Advances in Entrepreneurship, Firm Emergence, and Growth, eds. A. Stewart, G. T. Lumpkin, and J. A. Katz, Vol. 12 (2010)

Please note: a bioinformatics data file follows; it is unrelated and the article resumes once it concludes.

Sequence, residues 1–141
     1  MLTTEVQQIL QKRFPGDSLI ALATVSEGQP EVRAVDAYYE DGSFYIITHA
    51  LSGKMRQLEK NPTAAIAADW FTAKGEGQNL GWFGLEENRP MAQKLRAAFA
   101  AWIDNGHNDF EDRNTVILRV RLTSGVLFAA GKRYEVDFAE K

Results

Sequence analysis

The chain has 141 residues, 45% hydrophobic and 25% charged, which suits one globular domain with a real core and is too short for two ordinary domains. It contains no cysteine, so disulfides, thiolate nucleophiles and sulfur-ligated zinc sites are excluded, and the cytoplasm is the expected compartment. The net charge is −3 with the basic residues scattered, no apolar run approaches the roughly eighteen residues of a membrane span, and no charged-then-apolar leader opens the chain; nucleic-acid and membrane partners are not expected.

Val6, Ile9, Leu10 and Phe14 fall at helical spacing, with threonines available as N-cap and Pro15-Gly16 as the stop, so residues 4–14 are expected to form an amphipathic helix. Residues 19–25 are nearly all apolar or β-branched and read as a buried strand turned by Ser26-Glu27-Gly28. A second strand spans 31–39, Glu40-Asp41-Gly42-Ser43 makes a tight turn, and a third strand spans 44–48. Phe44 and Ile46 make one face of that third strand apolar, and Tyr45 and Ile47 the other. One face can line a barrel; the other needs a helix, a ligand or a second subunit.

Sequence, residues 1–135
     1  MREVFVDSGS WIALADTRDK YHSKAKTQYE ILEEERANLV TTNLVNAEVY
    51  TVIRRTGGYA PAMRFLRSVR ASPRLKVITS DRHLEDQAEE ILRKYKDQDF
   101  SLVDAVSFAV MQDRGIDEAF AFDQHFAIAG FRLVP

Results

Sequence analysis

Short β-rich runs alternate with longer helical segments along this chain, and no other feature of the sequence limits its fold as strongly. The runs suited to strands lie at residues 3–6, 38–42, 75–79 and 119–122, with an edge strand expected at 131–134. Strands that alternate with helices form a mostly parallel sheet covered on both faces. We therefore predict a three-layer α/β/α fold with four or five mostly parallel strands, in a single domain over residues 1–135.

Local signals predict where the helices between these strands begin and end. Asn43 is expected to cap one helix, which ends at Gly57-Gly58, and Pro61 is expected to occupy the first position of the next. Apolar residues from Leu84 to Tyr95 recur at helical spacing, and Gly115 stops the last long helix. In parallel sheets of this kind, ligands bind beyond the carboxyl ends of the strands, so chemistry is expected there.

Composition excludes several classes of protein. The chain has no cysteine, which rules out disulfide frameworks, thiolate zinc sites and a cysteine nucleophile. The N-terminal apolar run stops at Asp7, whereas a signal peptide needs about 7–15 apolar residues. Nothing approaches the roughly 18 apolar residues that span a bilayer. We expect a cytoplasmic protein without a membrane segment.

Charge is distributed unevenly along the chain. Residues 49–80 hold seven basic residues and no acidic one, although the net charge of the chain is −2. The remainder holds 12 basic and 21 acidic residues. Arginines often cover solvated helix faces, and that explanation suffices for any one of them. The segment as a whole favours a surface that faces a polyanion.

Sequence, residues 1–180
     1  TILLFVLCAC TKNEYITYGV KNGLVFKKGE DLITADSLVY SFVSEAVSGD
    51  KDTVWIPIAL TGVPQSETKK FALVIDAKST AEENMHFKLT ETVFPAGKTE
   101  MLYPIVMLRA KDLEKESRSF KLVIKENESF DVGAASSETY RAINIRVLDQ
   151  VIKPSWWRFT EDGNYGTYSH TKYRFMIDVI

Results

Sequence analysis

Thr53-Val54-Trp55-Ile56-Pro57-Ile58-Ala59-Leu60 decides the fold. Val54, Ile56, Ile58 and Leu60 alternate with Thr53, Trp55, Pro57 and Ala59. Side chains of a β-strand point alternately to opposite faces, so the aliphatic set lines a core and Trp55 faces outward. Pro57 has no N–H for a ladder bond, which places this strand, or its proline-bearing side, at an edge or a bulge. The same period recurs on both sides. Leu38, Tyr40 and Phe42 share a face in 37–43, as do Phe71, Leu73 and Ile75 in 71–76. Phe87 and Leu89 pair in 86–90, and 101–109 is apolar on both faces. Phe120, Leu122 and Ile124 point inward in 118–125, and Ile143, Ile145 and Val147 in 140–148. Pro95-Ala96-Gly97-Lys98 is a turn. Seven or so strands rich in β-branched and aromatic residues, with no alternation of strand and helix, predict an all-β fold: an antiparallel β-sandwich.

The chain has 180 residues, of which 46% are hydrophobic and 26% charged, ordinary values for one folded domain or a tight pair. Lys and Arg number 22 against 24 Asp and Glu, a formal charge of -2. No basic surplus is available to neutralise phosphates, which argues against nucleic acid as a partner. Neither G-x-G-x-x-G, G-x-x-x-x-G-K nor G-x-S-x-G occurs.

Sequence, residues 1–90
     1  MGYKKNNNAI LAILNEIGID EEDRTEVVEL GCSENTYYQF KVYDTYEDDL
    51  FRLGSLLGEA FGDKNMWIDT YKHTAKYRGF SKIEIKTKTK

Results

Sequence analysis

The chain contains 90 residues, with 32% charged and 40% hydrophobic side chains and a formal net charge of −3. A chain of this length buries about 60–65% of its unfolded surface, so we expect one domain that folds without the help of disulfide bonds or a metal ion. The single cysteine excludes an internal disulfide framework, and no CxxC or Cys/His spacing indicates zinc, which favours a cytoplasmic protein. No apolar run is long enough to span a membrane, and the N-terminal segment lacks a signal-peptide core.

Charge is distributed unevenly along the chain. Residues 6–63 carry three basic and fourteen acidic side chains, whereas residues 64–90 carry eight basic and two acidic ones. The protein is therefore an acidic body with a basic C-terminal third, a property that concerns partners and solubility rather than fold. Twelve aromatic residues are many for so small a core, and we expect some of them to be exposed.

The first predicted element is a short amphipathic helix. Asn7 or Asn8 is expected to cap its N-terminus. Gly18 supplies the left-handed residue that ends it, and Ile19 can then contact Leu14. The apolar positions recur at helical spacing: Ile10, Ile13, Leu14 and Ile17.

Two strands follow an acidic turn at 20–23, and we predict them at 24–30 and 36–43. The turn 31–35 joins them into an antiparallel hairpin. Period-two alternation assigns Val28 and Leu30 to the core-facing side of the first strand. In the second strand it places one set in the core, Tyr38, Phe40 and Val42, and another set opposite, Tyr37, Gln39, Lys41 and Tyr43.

Are the social domains of kinship and business on balance complementary or contradictory? Do ventures that invest heavily in both – conventionally referred to as “family firms” – bear a net gain or net loss? We are scarcely the first to raise these questions. How then will we try to contribute to an answer? We try this in five ways, all of them based on previous literature. First, we develop the dichotomy of kinship and business by taking seriously the metaphor of yin and yang, merging it with the anthropological constructs of structural domains such as “domestic” and “public.” This metaphor proves to shed light on the relevant literature. Second, we provide a qualitative survey of the costs and benefits of kinship in business. Third, we summarize the empirical work that addresses the performance outcomes from family involvement. Fourth, we consider the practitioner implications of these studies. Finally, we ask if scholars are as yet in a position to answer these questions.